We’ll have to wait until 2019 to see Captain Marvel (aka Carol Danvers) take the stage as the first solo female hero to headline one of the comic empire’s movies. But Marvel is using the wait time to make impressive strides toward inviting more girls into the world of comics.
The company recently announced a contest specifically aimed for 15-18-year-old girls interested in STEM (science, technology, engineering and math) careers, for starters. Contestants will submit a five-minute video demo of a project they’ve created outlining how STEM factored into its creation, and any lessons learned from the experience. Five finalists will be flown to Los Angeles where they will present their work to a panel of industry leaders, get a tour of Walt Disney Studios and Dolby Laboratories (both companies partnered with Marvel to sponsor the contest), and attend the May 6 world premiere of Captain America: Civil War. In the end, one winner will be selected for an internship with Marvel (super powers not required).
One superhero who might be particularly happy to see more women working at Marvel is Spider Woman (aka Jessica Drew), whose newest superpower is the pinnacle of womanhood: growing a baby. The company revealed late last year that the latest Spider Woman series would feature a “very pregnant” Spider Woman, a plot line that writer Dennis Hopeless says “is an absolute joy to write.” “I’ve never had more fun making comics and I’m super proud to be a part of this team,” he added. Recently featured on The Longest Shortest Time podcast, Hopeless reveals that he was inspired to write a pregnancy into Spider Woman’s character development after witnessing his wife’s pregnancy with their twin sons and the following trials of parenthood that they endured together. In other words, the experience summoned superhuman strength that many new parents can relate to.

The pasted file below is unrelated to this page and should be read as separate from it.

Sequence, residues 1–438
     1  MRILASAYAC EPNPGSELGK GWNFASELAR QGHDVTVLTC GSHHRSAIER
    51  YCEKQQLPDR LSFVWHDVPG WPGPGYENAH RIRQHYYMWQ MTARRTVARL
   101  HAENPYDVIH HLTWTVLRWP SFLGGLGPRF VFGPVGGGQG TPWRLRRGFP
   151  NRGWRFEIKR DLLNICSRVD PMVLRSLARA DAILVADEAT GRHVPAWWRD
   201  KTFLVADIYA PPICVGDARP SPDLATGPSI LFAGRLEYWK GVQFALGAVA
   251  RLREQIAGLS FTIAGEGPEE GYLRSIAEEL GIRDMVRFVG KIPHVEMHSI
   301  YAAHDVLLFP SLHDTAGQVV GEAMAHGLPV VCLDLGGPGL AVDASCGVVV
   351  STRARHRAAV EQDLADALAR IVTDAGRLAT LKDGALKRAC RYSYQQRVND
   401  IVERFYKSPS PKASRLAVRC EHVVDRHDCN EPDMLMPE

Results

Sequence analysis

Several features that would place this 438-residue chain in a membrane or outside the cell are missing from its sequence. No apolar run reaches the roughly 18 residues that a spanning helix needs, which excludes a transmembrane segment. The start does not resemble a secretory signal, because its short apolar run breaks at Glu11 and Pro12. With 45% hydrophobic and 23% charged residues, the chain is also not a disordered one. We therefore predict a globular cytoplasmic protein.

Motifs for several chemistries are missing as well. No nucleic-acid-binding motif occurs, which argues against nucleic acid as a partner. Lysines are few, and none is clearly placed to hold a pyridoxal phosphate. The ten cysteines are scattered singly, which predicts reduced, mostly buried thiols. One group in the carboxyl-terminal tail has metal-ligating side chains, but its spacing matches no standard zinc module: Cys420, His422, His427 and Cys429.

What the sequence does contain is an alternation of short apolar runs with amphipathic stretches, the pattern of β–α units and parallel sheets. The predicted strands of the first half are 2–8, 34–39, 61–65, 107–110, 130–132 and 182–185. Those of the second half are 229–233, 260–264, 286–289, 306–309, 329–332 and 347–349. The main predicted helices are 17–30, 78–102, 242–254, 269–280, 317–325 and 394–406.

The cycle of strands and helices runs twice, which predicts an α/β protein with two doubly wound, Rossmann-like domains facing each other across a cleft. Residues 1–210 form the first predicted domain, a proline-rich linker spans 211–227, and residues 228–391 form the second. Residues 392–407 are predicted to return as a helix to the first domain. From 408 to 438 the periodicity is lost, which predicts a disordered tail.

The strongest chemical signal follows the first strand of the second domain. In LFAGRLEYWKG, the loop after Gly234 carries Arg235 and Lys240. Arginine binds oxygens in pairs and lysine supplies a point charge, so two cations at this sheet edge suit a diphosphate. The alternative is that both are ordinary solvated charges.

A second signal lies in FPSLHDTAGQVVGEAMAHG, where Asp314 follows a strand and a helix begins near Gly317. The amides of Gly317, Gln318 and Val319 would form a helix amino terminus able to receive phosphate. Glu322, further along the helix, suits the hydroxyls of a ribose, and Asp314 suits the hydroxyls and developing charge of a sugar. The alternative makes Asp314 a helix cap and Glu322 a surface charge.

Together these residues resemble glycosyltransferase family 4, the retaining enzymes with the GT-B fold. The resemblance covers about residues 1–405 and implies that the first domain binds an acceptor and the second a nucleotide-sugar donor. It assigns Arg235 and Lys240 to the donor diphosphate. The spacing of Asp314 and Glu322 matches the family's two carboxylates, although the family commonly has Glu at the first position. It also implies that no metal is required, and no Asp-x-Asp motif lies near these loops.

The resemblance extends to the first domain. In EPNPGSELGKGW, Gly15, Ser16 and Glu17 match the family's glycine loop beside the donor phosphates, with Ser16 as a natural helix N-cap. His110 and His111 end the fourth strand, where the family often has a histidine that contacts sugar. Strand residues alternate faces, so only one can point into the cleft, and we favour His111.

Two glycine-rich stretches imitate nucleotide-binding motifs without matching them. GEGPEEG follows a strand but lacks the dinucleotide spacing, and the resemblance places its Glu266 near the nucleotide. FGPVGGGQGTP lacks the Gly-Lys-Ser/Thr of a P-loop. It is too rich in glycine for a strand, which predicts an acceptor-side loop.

Marvel’s efforts toward gender equity represent an important shift in an industry that has historically portrayed women in narrow sexually objectified roles. According to the work of Business and Management specialist Michael Lavin cited in such places as Fantasy Magazine, “powerful super-heroines like DC’s Wonder Woman or Marvel’s She-Hulk may easily overcome the most overwhelming threats and obstacles, but they are invariably depicted as alluring objects of desire, wearing the scantiest of costumes.” Adds The Artifice, “Ever since the dawn of superhero comics in the early twentieth century, women have been objectified within those square windows, no matter how powerful or likable the character is. This is often done through their skin-tight and usually suggestive costumes, gender ratio, and more.”
With women accounting for 40 percent of attendees at comic book fan conventions in 2014, it appears that Marvel is taking note: comics aren’t just appealing to men anymore. We believe that all women possess a little (OK let’s be honest—a lot) of superpower in them, and we’re thrilled to see this acknowledged both behind the scenes and on-screen. And maybe one day we’ll even see a superheroine in loose-fitting sweatshirt… Pow!
Photo Credit: Marvel